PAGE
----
These types of lintels are readily available direct from a factory, builders merchant or even made on site! They are versatile, available in a number of different lengths, cost effective and offer a high degree of structural support.
By being commercially produced, reinforced concrete lintels have to comply to a British Standard, meaning that it has a minimum strength and quality requirement.
This means that concrete lintels are generally uniform in strength when made in a factory, while the quality of site made lintels can vary drastically, from not enough, or wrongly placed reinforcing, to a poor quality of concrete, which will affect the final strength of the lintel.
Although the steel reinforcing provides more strength to the lintel, it does make the concrete vulnerable to moisture ingress.
If moisture can penetrate through the outer skin of the lintel and is able to reach the steel reinforcement, it leads to corrosion which means the steel expands, making the concrete spall and crack, ultimately contributing to the lintel’s failure.
Steel has been effectively used since the Victorian era, when large sections of steel were able to be mass produced.
Although more commonplace in modern construction, many steel lintels are still in situ in period properties today and are in much the same condition as when they were installed.
Steel is a material that is widely used today for structural framework in both residential and commercial construction, due to its high tensile strength and relatively low cost compared with other materials.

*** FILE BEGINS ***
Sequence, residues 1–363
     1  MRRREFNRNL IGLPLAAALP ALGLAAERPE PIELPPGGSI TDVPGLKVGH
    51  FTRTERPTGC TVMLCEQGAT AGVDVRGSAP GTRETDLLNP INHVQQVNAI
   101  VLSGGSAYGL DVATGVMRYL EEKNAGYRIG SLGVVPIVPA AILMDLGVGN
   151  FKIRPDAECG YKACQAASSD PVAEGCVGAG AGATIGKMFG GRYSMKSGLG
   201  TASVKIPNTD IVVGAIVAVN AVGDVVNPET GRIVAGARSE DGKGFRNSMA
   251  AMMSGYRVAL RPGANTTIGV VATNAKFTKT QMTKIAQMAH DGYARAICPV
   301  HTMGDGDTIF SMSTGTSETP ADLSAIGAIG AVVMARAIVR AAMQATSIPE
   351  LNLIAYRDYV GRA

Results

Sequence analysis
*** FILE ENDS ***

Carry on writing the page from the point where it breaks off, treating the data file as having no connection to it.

Steel can be treated with an impervious coating which both waterproofs and fireproofs the steel. Steel lintels are readily available in a range of lengths, and different structural strengths to suit the construction project.
Steel can span much larger distances than timber or concrete, making it the material of choice for new construction projects.
The main drawback to steel is that in marine environments or through prolonged exposure to water, if not protected properly it can corrode and lose strength very quickly, leading to serious structural problems.
What causes a Lintel’s failure?
Due to the varied nature of the materials, different stresses and strains on each type of lintel can cause failure, however the main causes are generally down to one of three things happening.
Structural movement within a building such as subsidence or heave can cause other elements the building, such as that of a lintel to move.
This is especially noticeable when one side of the lintel drops, putting more pressure on the other side of the lintel. The movement causing serious diagonal cracking around the opening, as well as cracking and damaging the lintel itself.
Changes in windows or doors
Lintels in houses constructed up to the 1930’s were designed to take a specific load, with the frames of the windows and doors below, which are usually of timber, providing a minor amount of support.
When these are changed for replacement PVCu or replaced with modern units, this support is lost putting more stress on the lintel. This can cause cracking and failure of a lintel, therefor if you are thinking of doing the same, look into whether you also need to change the lintels above the window openings too.
Damp and moisture ingress is a big problem for lintels. Three of the four lintels mentioned within this blog, are adversely affected by the ingress of moisture and as well as causing a failure of the lintel itself, it can also worsen other problems inside the property.
To conclude, all lintels have their advantages and disadvantages, however it is down to the individual project as to which is correct for your use.
By protecting the lintels from moisture ingress and other structural movement within the property you should never have to worry about the lintels above your windows and doors!